- Any side effects you are experiencing from your medicine(s). Be sure to tell your doctor if your medicine makes you feel sick or if you think you may be allergic to it. Also let them know if you are having trouble paying for your medicine. Your family doctor may be able to help find different medicines for you to take or explain why the ones you are taking are the right choice.
Don’t be afraid to speak up during your appointment. It’s important for you to let your doctor know if you don’t understand something. If you don’t ask questions, your doctor will think you understand everything. Here are some tips on asking your doctor questions:
- Ask every time you don’t understand something.
- If you can’t understand what your doctor is explaining, ask them to explain it in better detail, possibly using pictures or brochures.
Here are some good starter questions you can ask your doctor:
- What do my symptoms mean?
- Should I be tested for a disease or condition?
- What caused this condition?
- How serious is the condition?
- How is it treated?
- Are there any side effects to the treatment?
- How long will treatment take?
- How will this condition affect my life now and in the future?
If you run out of time, make a plan to get the rest of your questions answered.
- Tell your doctor when you need more time to talk about something. If the doctor isn’t available to help, you should be able to talk to an assistant or a nurse. If no one else is available, see if you can schedule another appointment to ask the rest of your questions.
Take information home with you
Taking written or recorded information home with you can be helpful. It can help you remember information and instructions any time you need to. Your doctor is a good source of accurate information you can trust. The following are types of information you can take home with you:
- Notes you have taken during the appointment. It’s ok for you to write down the information your doctor gives you. Sometimes it helps to bring a friend or family member with you. They can help write down the answers to your questions and other information shared by the doctor or nurse. You can also ask your doctor to write down notes for you.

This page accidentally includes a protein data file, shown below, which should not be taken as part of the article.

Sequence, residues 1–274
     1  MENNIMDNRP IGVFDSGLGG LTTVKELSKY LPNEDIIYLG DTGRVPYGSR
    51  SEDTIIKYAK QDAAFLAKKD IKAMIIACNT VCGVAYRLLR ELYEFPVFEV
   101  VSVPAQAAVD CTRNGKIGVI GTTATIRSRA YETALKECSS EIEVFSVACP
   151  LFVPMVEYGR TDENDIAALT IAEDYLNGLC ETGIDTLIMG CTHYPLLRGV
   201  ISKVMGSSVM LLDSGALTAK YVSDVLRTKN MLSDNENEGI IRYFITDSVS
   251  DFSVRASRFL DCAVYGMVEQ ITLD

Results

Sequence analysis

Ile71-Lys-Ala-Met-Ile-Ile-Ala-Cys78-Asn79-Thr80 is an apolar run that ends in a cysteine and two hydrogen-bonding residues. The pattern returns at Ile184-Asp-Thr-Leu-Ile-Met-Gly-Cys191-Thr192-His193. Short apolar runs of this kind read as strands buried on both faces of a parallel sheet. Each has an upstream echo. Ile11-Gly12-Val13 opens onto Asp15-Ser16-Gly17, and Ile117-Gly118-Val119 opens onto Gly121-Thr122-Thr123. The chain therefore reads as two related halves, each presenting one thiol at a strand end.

- Written instructions from your doctor. These should be provided to you at the end of your appointment.
- A tape recording. Ask your doctor if it’s okay for you to record to the appointment to help you correctly remember everything.
- Brochures or other educational materials. If there aren’t any available, ask where or how you can get some.
Things to consider
Make sure to follow any instructions you and your doctor discussed during the visit. This could include taking medicine, preparing for a test, or scheduling an appointment with a specialist. If you’re confused or if you’ve forgotten some information, it’s okay to contact your doctor. The following are some common reasons you may need to call your doctor or send an electronic message after your appointment:
- If you have any questions after the appointment. Ask to leave a message with the doctor or speak with a nurse.
- If you start to feel worse or have problems with your medicine
- If you had tests and haven’t got the results
Copyright © American Academy of Family Physicians
This information provides a general overview and may not apply to everyone. Talk to your family doctor to find out if this information applies to you and to get more information on this subject.